e.g.:
A 100W bulb will draw say 400mA in operation, which gives it an effective resistance of ~ 600 ohms. Say you have a earth connection with 10 ohms of resistance, your bulb would still light up like a 94W bulb (i.e. in isolation it may look fully lit)
A Live to earth fault in an appliance connected to the socket would however see a 10 ohm resistance. This would only draw about 24A, not enough to either open the circuit MCB, or keep the touch voltage on the case of the faulty appliance to a safe value. (obviously a RCD if fitted would open)
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Cheers,

John.

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John Rumm wrote:

You could have added that this will dump going on for 6kW into the area of high earth resistance - likely to be a loose or corroded connection.
Which will probably get very hot, very quickly.
And either cause a fire or go totally open circuit - or both. In the latter situation, the touch voltage on the case of the faulty appliance will rise to full mains value..
RCDs are such a good idea.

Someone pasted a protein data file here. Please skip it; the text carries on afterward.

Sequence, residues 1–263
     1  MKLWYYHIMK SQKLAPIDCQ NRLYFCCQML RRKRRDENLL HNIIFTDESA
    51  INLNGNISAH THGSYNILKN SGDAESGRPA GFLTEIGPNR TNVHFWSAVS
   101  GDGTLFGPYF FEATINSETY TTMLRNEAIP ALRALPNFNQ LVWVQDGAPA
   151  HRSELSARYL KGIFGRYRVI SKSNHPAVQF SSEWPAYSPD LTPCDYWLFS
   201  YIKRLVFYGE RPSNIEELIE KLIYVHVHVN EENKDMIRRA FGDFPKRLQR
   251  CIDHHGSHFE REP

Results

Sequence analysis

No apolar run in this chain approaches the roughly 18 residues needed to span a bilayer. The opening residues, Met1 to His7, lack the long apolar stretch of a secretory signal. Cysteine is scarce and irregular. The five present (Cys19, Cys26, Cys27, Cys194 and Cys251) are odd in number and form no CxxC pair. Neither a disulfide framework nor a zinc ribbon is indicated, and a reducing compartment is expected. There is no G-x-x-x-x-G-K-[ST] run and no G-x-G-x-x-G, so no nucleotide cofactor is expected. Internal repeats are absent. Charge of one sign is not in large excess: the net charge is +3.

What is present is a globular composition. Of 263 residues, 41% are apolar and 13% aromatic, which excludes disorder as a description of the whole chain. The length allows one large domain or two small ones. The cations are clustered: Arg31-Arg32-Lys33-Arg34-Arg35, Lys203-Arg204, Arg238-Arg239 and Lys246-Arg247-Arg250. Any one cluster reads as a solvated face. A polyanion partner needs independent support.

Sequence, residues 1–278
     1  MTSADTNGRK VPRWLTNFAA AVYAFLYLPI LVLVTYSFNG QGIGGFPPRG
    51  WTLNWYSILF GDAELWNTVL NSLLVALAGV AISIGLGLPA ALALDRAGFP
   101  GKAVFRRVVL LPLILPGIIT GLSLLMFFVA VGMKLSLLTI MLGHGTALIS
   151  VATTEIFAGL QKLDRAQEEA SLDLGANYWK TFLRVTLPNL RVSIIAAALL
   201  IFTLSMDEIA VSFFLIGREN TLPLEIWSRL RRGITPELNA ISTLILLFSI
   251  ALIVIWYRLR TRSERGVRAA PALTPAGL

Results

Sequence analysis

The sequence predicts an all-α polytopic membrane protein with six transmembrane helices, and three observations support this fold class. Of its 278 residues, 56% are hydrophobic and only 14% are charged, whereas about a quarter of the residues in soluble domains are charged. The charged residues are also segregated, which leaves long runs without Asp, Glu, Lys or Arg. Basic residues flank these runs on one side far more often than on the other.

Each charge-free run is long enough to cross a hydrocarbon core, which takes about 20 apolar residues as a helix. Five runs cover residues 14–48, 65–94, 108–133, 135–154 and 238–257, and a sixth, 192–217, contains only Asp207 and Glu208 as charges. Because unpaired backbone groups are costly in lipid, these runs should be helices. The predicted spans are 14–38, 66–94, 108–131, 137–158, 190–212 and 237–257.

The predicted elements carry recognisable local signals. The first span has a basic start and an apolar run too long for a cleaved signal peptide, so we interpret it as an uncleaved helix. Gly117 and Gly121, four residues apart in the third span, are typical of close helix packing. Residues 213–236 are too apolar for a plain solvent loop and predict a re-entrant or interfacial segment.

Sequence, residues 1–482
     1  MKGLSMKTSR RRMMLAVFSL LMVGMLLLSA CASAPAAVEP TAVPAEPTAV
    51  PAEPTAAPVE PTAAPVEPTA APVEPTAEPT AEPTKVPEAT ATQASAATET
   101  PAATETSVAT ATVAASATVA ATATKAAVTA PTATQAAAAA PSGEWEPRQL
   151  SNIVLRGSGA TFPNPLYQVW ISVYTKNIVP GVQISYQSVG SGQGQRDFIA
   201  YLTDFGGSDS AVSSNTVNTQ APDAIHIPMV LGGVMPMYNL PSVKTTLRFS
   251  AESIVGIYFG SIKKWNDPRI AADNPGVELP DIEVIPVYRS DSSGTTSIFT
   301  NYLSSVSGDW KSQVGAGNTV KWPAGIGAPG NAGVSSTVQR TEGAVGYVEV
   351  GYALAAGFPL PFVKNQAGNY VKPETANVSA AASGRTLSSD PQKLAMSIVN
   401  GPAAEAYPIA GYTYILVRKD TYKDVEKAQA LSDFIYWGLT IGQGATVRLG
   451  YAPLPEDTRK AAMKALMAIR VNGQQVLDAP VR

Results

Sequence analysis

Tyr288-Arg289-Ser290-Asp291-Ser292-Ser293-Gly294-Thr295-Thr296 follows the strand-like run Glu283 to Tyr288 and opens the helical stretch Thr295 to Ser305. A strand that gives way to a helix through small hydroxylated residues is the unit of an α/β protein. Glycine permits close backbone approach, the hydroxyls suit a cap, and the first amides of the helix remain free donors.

--
Sue










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Palindrome wrote:

Yup, quite possibly. Depends a bit on if the 10 ohms comes from a single point connection, or a whole chain of bad ones, or indeed a poor earth as supplied by either the electricity supplier or as a result of a TT system.

It would probably be pretty close to it anyway - a 24A load will not pull the supply voltage down much unless it is a very long circuit.

Indeed!
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John.

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I had to ask ;o)
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Keith Willcocks
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Keith Willcocks wrote:

It was a good question really. As a quick confidence check, the test you described is not bad, you just need to be aware of the limitations.
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Cheers,

John.

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Yes. Sorry you're right.

Its a pull switch and has got an L1, L2 and one other terminal. The fan is a manual type.
I've been connecting one red wire to L1, one to L2, and black the other terminal?
Wrong?
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paulfoel wrote:

Yep. As described by other posters, the two black wires should be joined together using a "chocolate block" connector. One red wire should go to L1 or L2, it matters not which. The other red wire should go to the common terminal.
How it may have been wired in the first place is that the black wires may have been in the L2, the red wire, FROM THE SUPPLY, to L1 and the red wire, going to the fan, to the common terminal. However, this does require identifying which red wire goes to the supply and which goes to the fan. Get it wrong and the supply is shorted out. This isn't something that I would do as it could confuse someone in the future....